There are groups of superheroes that are unwelcome in society, usually due to humankind's fear of their differences. No team better embodies this than the X-Men, Marvel's mutant heroes. In The X-Men #1 (September 1963) Professor Charles Xavier, a wheelchair-bound telepath also known as Professor X, located five troubled but unique young people with remarkable superpowers and assured them that they were not alone. They were mutants: The next step in human evolution. From Xavier's School for Gifted Youngsters, Professor X trained them as the X-Men, and this original group of five—Cyclops, Marvel Girl, the Beast, Iceman, and the Angel—epitomized the hope for harmony between humans and mutants. Xavier's rival, Magneto, recruited his Brotherhood of Evil Mutants to ascend to societal dominance.
The X-Men's struggles against Magneto, and against racial intolerance, were a modest success in the 1960s comics. X-Men was canceled in 1970, but revived shortly thereafter as a reprint book. Giant-Size X-Men #1 (1975) debuted a new version of the team, with an ethnically diverse, harder-edged roster including Wolverine, Colossus, Nightcrawler, Storm, and others joining Cyclops and Professor X. From that point countless mutants have been introduced, and the concept has mushroomed into a franchise of comics (including, over the years, X-Factor, X-Force, Wolverine, and X-Statix, among others), several animated TV series, dozens of action figures, and two successful live-action movies (with the promise of more to follow).
Three months before the premiere of the X-Men, DC's Doom Patrol debuted in My Greatest Adventure #80 (June 1963). The similarities between Marvel's mutants and DC's
world's strangest heroes are undeniable: Paraplegic mastermind Niles Caulder (the Chief) assembled a trio of powerful outcasts (Robotman, Elasti-Girl, and Negative Man) to work together as a team. The Doom Patrol never fared quite as well as the X-Men eventually did, although the
DP has been revived on several occasions, the most recent being a new Doom Patrol series that began in 2001.
The Inhumans are an artificially constructed race of superpeople (Black Bolt, Medusa, and many others) who, like the X-Men, are often shunned by the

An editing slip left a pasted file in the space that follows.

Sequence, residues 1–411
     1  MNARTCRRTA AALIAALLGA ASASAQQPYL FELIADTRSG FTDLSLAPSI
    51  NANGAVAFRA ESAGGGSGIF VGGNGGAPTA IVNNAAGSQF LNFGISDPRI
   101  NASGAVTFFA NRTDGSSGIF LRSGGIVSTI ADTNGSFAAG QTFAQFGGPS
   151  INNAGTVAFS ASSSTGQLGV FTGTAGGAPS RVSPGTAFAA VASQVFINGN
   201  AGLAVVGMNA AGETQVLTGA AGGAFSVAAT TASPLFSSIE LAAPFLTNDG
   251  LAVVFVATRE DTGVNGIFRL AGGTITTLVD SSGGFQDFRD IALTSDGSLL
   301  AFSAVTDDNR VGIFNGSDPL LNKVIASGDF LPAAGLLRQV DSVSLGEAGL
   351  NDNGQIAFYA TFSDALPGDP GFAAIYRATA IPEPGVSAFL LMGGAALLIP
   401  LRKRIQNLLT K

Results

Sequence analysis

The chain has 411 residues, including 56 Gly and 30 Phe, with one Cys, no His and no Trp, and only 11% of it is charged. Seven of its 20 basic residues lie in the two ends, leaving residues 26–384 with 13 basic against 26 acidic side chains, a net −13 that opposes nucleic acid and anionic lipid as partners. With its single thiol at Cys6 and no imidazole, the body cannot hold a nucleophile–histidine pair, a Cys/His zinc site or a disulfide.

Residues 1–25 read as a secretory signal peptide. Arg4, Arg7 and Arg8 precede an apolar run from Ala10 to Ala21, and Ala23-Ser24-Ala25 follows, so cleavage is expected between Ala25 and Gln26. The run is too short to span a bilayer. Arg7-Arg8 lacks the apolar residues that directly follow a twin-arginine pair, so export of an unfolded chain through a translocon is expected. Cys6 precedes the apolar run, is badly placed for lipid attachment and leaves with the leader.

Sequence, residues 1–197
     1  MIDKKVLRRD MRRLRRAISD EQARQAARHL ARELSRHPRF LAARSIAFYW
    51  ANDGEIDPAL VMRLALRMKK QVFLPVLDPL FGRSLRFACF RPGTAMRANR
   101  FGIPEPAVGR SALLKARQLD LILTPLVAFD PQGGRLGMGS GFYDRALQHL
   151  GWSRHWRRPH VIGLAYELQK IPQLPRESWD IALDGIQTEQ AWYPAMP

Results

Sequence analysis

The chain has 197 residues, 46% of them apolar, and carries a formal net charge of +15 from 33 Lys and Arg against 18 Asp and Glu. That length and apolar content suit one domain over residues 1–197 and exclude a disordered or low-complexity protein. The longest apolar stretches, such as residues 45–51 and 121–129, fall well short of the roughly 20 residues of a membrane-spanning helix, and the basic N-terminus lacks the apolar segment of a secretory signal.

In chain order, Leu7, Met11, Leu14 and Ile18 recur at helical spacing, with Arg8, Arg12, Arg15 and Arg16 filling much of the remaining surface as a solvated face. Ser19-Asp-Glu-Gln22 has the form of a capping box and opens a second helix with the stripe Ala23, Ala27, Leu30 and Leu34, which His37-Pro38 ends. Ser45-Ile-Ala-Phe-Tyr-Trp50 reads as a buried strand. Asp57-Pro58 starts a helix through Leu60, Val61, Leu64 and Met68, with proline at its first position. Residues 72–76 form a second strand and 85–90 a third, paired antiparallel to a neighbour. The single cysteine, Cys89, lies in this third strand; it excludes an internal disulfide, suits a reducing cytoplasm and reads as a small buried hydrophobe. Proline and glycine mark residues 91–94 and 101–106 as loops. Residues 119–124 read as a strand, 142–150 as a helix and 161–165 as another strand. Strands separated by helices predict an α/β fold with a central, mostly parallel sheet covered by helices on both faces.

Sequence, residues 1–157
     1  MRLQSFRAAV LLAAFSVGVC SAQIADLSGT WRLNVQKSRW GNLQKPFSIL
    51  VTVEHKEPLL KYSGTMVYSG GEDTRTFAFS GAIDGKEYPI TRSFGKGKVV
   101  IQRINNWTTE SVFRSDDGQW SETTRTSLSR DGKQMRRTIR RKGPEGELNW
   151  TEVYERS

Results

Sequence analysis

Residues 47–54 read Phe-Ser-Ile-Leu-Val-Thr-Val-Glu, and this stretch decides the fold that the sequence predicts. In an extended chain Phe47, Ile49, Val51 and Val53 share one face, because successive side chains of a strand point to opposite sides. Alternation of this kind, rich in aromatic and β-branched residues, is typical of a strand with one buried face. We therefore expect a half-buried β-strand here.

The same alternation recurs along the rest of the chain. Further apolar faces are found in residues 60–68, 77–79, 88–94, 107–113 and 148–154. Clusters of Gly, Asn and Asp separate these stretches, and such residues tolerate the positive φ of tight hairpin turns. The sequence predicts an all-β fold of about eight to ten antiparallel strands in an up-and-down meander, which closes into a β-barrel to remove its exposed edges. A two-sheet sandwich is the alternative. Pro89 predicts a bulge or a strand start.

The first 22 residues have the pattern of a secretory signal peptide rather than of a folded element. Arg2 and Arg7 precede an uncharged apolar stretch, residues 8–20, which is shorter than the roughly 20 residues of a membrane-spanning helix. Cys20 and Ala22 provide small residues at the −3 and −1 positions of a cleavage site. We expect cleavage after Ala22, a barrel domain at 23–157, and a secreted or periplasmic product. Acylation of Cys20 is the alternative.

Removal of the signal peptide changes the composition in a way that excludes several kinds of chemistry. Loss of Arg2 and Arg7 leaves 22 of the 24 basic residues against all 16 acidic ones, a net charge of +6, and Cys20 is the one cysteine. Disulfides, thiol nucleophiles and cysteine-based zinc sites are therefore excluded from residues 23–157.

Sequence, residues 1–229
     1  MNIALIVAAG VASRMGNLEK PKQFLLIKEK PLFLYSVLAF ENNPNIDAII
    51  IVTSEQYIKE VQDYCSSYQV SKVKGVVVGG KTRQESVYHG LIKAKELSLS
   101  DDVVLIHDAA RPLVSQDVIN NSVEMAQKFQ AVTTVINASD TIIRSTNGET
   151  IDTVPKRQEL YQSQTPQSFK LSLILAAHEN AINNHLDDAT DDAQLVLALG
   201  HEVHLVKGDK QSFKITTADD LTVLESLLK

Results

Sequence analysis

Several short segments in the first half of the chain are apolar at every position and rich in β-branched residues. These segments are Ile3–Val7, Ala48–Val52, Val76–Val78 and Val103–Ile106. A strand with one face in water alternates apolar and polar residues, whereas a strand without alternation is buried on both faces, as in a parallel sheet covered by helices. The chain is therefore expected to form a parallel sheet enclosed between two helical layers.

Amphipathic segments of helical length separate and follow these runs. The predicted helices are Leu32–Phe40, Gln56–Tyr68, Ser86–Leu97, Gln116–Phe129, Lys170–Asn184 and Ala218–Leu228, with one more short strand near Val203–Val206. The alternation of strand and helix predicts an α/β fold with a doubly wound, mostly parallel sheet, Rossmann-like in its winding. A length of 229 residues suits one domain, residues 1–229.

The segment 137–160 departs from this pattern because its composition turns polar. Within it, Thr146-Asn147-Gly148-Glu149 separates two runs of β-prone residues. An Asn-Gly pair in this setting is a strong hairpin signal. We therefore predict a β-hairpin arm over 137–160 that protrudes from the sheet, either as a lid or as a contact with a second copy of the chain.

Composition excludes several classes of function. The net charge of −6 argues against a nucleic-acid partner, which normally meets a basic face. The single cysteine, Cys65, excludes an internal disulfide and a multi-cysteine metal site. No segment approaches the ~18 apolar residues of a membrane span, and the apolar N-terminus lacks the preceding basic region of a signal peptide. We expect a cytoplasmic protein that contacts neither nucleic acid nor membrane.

real populace within Marvel's comics and live away from humans in the extraordinary lunar city of Attilan. The Defenders were originally called Marvel's
non-team: The anti-heroic Incredible Hulk and Sub-Mariner, and the Master of the Mystic Arts Doctor Strange, found themselves united by common goals, but divided by motivational differences. The Defenders added numerous non-teammates to its non-roster over the years, from the Silver Surfer to the Valkyrie to former X-Men and Avenger member the Beast. The Next Men, creator John Byrne's homage to Marvel's X-Men, featured a quintet of mutates who flee from the top-secret
Project Next Men and struggle to adjust to the real world while avoiding their pursuers.
Some superteams are well-trained combatants,
the best at what they do. Marvel's super-spy organization S.H.I.E.L.D. features a host of agents working under the orchestration of former soldier Nick Fury. In 1982 Batman had a falling out with the Justice League and assembled his own task force: the Outsiders (Geo-Force, Metamorpho, Black Lightning, Katana, and Halo), a team that has morphed into various incarnations over the years. In 2003 Batman's protégé Nightwing (the original Robin the Boy Wonder) began fronting an all-new Outsiders featuring Arsenal, Thunder, returnee Metamorpho, and other heroes. Nightwing's friend Oracle (the former Batgirl) sends her operatives Black Canary and Huntress into urban action as the Birds of Prey. DC Comics has also published several versions of the Suicide Squad, the most popular being the 1987–1992 incarnation, an expendable collection of heroes and villains (Bronze Tiger, Enchantress, Captain Boomerang, the Vixen, and even Oracle) who were sent on missions by their tough-as-nails boss Amanda Waller.
In the 1960s Tower Comics introduced its T.H.U.N.D.E.R. Agents (Dynamo, No-Man, Menthor, and others) as a disparate group of superpowered figures gathered to serve as The Higher United Nations Defense Enforcement Reserves. Beautifully illustrated by superstar artist Wally Wood, the original T.H.U.N.D.E.R. Agents comics were reprinted in the 2000s by DC Comics. The Green Lantern Corps is another group of super-specialists: They are intergalactic police, representing every sector of space and protecting the universe with their power rings, the infinitely mighty weapons with one weakness: Ineffectiveness against anything yellow. One more group of super-professionals is Top Ten, the name of a precinct of cops in a city populated solely by superheroes.
The extreme superteam Youngblood was one of the first of a new wave of hero groups that premiered starting in 1992 when a cabal of popular artists/writers defected from Marvel to form their own company, Image Comics. Boasting heavily armored anti-heroes with take-no-prisoners attitudes and a bottomless munitions cache, Youngblood spawned similar series, from Image and other publishers, with impulsive, heavily weaponed characters: Cyberforce, Brigade, Tribe, and Wetworks, to name a few, most of which have fallen by the wayside. The most enduring superteam to emerge from this trend was WildC.A.T.S: Covert Action Teams, counting hotshots like Grifter and Spartan among its number. WildC.A.T.S continues in print into the 2000s, and was an animated TV series in the mid-1990s.